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Mycenaeans Were the Traders of the Bronze Age Mediterranean

Mycenaean stirrup vase, 14th century BCE, Ugarit, Syria.
Mycenaean stirrup vase, 14th century BCE, Ugarit, Syria. Credit: Public domain

The Mycenaean Greeks had a rich and powerful civilization which thrived in the Bronze Age. However, what was the extent of their trade relations around the Mediterranean? How far did they actually go, and what groups did they trade with? These are the questions of focus here.

The period of Mycenaean trade

First, let us establish the period in question. The Mycenaean civilization first emerged in approximately 1600 BCE. This was the Middle Bronze Age. This civilization continued through the Late Bronze Age, finally coming to an end in the twelfth century BCE.

During this time, there were numerous palaces in city-states all over Greece. It appears that the city-state of Mycenae was dominant at this time. To what degree it exerted control over other city-states is uncertain.

We do have written records, but they tend to be of an administrative nature rather than a narrative nature. Thus, we do not know much about the activities of these city-states and their relationship with each other, but we do know that they were incredibly rich and had vast amounts of material wealth.

Certainly, such a rich civilization must have had good trade relations with surrounding regions. Indeed, there is extensive archaeological evidence of this.

An overview of Mycenaean trade

The primary way in which historians make conclusions about the extent of trade is by looking at evidence uncovered by archaeologists. The most common trace of trade is pottery fragments. Pottery, of course, is needed to hold other items, and it is also valuable in its own right.

Pottery from Mycenaean Greece has been found throughout the Eastern and Central Mediterranean. Archaeologists have found it in Greece, Palestine, Syria, Asia Minor, the north coast of Africa, Italy, and on various islands.

There is also some quite limited evidence for Mycenaean trade with Iberia (present-day Spain and Portugal), indicating the presence of Mycenaean Greek materials on the Iberian Peninsula, and confirming the existence of Mediterranean trade prior to the arrival of the Phoenicians.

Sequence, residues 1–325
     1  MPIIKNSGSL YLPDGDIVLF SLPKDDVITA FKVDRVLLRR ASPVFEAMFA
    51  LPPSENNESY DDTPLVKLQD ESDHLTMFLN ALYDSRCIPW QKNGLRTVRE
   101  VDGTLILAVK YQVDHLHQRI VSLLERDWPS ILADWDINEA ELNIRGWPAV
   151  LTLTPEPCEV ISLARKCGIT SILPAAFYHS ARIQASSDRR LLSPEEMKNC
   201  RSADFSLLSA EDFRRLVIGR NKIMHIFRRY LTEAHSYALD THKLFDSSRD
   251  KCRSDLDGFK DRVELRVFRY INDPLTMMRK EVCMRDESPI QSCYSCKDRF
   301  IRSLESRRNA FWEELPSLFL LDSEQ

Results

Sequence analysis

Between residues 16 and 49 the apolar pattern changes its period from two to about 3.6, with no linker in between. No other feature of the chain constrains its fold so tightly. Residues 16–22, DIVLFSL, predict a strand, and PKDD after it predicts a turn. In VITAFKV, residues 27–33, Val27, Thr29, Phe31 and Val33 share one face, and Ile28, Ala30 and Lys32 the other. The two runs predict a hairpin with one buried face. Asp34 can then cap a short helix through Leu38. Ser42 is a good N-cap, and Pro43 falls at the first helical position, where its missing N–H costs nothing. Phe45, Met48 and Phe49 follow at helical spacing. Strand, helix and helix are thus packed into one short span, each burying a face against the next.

Of course, it is impossible to say definitively whether any given piece of pottery was transported directly from Greece to its final destination. It could be that it passed through several hands before arriving at the location where it was subsequently found by archaeologists.

However, there were certain primary locations with which the Mycenaean Greeks traded in the Bronze Age.

Bronze Age Mycenaean pottery shreds found in Cordoba, Spain. Exhibited in Museo Arqueologico de Cordoba.
Bronze Age Mycenaean pottery shards found in Cordoba, Spain. Exhibited in Museo Arqueologico de Cordoba. Credit: Greek Reporter


One of the places which does seem to have had direct trade links with Mycenaean Greece is Egypt. We can be certain of this because they actually described messengers from Greece coming to Egypt to bring gifts so as to establish diplomatic links.

In these texts, the Egyptians called the Greeks the ‘Tanaju.’ This appears to be the Egyptian form of ‘Danaoi,’ or Danaans, the name of one of the Greek tribes.

Trade links with Egypt were evidently quite strong by virtue of these direct diplomatic missions. This enabled the Egyptians to have a relatively profound knowledge of Mycenaean Greece. On the Mortuary Temple of Amenhotep III from the 14th century BCE, there is a list of various Greek cities, including Mycenae and Messenia.

Mycenaean pottery made its way right down the Nile River as far as Nubia. However, its unclear whether Mycenaean Greeks themselves took it that far. It likely reached those areas through internal Egyptian traders.


In contrast to the previous entry, comparatively little is known regarding connections between the Mycenaean Greeks and Bronze Age Palestine, or Canaan. This is because we have very few written records from this location. Nonetheless, archaeological evidence makes it clear that the Greeks traded extensively with this region.

In fact, there is a much, much higher concentration of Mycenaean pottery in Bronze Age Palestine than in Egypt. While we do not know anything about attempted diplomatic links, as we do for Egypt, it is clear that the Mycenaean Greeks enjoyed good relations with the city-states of this region.

It is possible that this profound link between Mycenaean Greece and Palestine is related to the evidence that people from the Aegean had settled in that region in the Bronze Age. This may have encouraged Mycenaean Greeks to trade there since they were essentially their old customers anyway.


Archaeologists have also found Mycenaean pottery at several important sites in Syria, such as Ugarit. Furthermore, a shipwreck dating to the Bronze Age has provided us with valuable information about Mycenaean trade in that region.

The shipwreck in question is the Uluburun shipwreck. Archaeologists have dated this to about 1320 BCE. The ship was constructed with wood from the famous trees of Lebanon, adjacent to what is now Syria. This provides good evidence that it came from that region.

The ship was full of copper and tin, evidently to make bronze. It also had various other artifacts onboard, including Mycenaean pottery. By examining what appear to be personal artifacts, the archaeologists who uncovered this site have concluded it had a Syro-Canaanite crew. Furthermore, they have also concluded that some of the passengers onboard were from Mycenaean Greece.

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